Academy Award winner for Best Foreign Language Film Son of Saul has been referred to as the newest masterpiece of Hungarian cinema since its premier at the 68th Cannes Film Festival in 2015. One thing should be noted, though: Son of Saul is not only a Holocaust movie – its moral and universal message is just as important as the precise presentation of the deepest pit of the true earthly hell.
In the 20th century Hungary lived through a long period of devastation. We lost one million soldiers in the First World War, and two-thirds of our territory in the Treaty of Versailles, after which a far right regime rose to power following the ideology of Nazi Germany and Italy. Later the Second World War broke out, followed by the Soviet oppression and, finally, the Hungarian Revolution of 1956 was crushed by the Soviet Union (for further details I recommend European Award Winner for Best Picture Sunshine by István Szabó). The Holocaust stands right in the middle of this series of disastrous events, in which Hungary lost 80% of its Jewish population in just a few months with the actual contribution of the Hungarian regime itself.
This is clearly an event that requires decades, even centuries to work through guilt. Some erect statues and memorials in order not to ever let it happen again. Some deny it and others look deep in the bottom – as director and scriptwriter László Nemes Jeles did in Son of Saul. He had chosen the Sondercommando as the topic of his first film, the squadron whose tasks were to clean up the dead bodies after the mass murders committed by deadly gas in the death camps. This work gave the members of the commando a few more months to live but nothing else.
Lead character Saul Ausländer (played by poet Géza Röhrig) is a Sondercommando member during the times when Auschwitz worked in its highest intensity. One day he finds a body of a boy whom he seems to recognise as his son. The boy’s corpse is designated for an autopsy, since the child was still breathing after the gas chambers doors opened. Believing him to be his son Saul takes careful steps to bury the body in the proper Jewish way.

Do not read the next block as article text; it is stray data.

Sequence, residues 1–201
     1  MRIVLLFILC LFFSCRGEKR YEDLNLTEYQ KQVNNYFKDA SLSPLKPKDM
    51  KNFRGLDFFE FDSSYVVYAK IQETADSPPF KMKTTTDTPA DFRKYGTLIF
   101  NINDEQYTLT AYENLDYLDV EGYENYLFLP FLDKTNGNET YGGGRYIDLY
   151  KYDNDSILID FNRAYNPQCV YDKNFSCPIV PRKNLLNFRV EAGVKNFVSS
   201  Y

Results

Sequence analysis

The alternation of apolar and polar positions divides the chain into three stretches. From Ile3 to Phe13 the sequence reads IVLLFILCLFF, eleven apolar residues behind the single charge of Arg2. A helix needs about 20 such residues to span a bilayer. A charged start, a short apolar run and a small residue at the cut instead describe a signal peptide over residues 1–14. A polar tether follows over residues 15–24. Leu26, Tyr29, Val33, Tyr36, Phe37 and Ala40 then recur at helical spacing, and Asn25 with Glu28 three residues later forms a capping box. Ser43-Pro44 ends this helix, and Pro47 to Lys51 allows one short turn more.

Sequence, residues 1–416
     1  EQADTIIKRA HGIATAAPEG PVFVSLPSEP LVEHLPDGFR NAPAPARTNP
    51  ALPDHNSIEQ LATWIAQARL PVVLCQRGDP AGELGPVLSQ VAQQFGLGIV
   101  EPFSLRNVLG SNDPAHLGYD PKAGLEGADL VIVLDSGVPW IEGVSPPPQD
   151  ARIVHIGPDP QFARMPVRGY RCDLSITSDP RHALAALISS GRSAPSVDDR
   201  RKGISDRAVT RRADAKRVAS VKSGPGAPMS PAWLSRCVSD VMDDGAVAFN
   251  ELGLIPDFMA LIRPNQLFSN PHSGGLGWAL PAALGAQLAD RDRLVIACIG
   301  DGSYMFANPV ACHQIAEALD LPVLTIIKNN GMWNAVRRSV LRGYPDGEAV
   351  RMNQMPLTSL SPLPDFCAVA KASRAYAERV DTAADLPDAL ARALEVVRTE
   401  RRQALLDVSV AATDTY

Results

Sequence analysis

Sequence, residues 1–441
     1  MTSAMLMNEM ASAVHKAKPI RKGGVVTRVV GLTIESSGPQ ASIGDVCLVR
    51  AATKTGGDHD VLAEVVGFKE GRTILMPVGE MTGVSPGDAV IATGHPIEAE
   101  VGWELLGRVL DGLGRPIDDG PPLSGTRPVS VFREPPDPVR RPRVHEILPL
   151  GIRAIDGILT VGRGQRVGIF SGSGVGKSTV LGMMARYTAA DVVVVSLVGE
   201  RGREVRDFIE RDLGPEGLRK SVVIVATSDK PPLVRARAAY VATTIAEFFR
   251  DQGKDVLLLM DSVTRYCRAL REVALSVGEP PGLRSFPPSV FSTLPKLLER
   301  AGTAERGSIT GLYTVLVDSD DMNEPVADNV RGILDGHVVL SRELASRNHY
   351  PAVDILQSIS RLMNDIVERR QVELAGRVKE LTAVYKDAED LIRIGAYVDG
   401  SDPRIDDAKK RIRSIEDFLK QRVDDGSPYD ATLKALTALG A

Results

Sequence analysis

Clearly this story in itself looks similar to any other Holocaust movie and I am not saying it is not. Son of Saul shows the worst of the worst: death camps in full flank. Saul and the other Sondercommando workers clean the chambers on a very tight schedule: take the bodies to the crematory and do every other task that is required for the death factory to fully operate. Showing details becomes essential during the times when the number of the deniers of the Holocaust is on the rise all over Europe.
The movies of this genre usually make an effort to show that there were people, actual individuals who kept their humanity when all the circumstances pointed towards losing their moral hours – for example The Pianist or Life is Beautiful. In these films there is a hero, a role model who shows that it is possible to stick to the universal moral values even during the toughest times (see Schindler’s List by Steven Spielberg).
László Nemes Jeles made a twist in Son of Saul: his antagonist is the opposite of the average Holocaust movie. Saul accepts the opportunity to become the member of the Sondercommando, a group of Jewish captives who collaborate with the Nazis. In order to be able to bear the moral burden of his decision Saul goes through a mental transformation turning into a robot. He shuts out the brutal reality and so does the film: cinematographer Mátyás Erdély focuses almost entirely on the face of the characters. The horror of the death camps is blurred and stays in the shadows. The screen takes on the protagonist’s point of view.
By using this device the focus is shifted solely onto the characters – or, metaphorically speaking, on the human side. This is the essence of the story: a man who lost all his feelings and became a robot, transforms back into a human being – and by this noble act, the antagonist turns into a protagonist. In other words, this is a moral and psychological journey exploring all that is put to stake this conversion.
Regarding strictly to the conversion the Holocaust itself is not important, it could be replaced dramaturgically by any other devastating event of the 20th century. The circumstances are not at all as important as the moral and spiritual message – that is the reason Son of Saul has a reflects to universal moral issues of the human instead of simply just showing how brutal and cruel the Holocaust was in operation. This message and topic makes Son of Saul a masterpiece of the Hungarian as well as the world cinema.